"Rose" also featured an Auton facsimile that could change the shape of its features and limbs, and established that the Nestenes animate the Autons by means of telepathic projection. When duplicated, the originals are kept alive to maintain the copy (this is also seen in Spearhead from Space). It is not yet clear if the war mentioned was also the motivation behind their earlier invasions or a recent development, but it is likely to be the Time War that is featured in subsequent episodes of the series.
The Autons returned in the 2010 episode "The Pandorica Opens", allying with the Atraxi, Blowfish, Chelonians, Daleks, Drahvins, Draconians, Sontarans, Cybermen, Haemogoth, Judoon, Slitheen, Silurians, Sycorax, Terileptils, Hoix, Roboforms, Uvodni, Zygons and Weevils to trap the Eleventh Doctor. The Autons in this episode were programmed to believe they were the soldiers of a Roman legion, among them Rory Williams, using the memories of Amy Pond. They were very realistic and far more sophisticated than the average Auton, and their hands contained futuristic laser guns rather than projectile weapons. As in the 2005 appearance, the name "Auton" was not used in dialogue; the phrase "Nestene duplicate" was introduced here to describe the copy of Rory. Due to the influences of the cracks in time, the Rory copy possessed the personality of the real Rory and helped save the universe. The Rory duplicate survived on Earth from A.D. 102 to 1996, demonstrating that Autons can have a long lifespan.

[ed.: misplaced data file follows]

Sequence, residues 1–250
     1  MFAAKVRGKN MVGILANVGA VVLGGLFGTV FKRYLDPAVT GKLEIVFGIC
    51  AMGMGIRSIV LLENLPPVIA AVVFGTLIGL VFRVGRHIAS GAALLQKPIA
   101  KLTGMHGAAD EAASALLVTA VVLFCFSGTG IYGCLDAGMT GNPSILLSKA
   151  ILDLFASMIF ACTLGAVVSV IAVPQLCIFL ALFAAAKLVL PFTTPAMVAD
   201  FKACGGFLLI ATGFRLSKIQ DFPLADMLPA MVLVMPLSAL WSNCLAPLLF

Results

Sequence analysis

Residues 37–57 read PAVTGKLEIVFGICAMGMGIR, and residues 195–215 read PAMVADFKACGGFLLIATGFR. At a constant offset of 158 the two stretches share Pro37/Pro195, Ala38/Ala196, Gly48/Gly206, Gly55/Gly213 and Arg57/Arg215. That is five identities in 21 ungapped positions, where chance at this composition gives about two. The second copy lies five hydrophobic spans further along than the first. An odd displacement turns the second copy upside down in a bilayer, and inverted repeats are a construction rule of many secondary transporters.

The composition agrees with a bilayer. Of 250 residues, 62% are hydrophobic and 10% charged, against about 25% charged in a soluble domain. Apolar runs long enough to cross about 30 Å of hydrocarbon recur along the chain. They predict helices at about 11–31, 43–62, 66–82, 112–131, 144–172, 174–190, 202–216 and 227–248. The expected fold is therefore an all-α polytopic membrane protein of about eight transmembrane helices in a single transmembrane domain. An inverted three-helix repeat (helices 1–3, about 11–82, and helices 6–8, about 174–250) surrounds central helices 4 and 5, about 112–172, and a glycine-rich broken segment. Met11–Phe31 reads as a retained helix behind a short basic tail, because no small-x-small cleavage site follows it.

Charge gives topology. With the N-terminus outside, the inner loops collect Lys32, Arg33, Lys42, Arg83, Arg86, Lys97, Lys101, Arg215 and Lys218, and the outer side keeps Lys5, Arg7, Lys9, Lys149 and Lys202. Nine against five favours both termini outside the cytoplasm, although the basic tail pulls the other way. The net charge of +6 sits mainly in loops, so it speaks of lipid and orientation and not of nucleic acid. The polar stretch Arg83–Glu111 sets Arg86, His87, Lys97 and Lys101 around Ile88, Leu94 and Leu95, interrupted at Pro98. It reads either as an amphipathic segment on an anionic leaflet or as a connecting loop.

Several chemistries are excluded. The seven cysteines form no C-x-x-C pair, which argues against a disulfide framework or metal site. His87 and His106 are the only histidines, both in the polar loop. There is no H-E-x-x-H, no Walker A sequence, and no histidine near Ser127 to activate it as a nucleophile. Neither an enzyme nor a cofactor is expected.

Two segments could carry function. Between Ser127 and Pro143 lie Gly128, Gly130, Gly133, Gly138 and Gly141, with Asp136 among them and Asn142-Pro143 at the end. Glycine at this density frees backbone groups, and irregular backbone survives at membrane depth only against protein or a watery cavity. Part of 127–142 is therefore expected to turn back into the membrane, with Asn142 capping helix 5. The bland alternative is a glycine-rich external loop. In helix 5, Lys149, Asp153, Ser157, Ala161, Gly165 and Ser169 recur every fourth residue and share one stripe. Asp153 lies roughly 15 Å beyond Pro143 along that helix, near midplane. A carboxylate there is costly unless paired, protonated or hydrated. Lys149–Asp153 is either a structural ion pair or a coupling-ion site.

In the Sixth Doctor novel Business Unusual by Gary Russell (which gave Melanie Bush a belated introduction story), the Nestenes used computer games and plastic toys in another bid for world conquest. In Synthespians™ by Craig Hinton, a far-future television station's artificial actors were not what they seemed. This novel also featured the Time Lords launching an assault on the Nestene homeworld Polymos, which may or may not be connected to the war mentioned in "Rose".
In the Doctor Who Annual 2006, an article written by Russell T Davies mentions the loss of the Nestene Consciousness's planets during the Time War, and states that it "found itself mutating under temporal stress". This may be a reference to the difference between the portrayal of the Consciousness in Spearhead from Space and "Rose".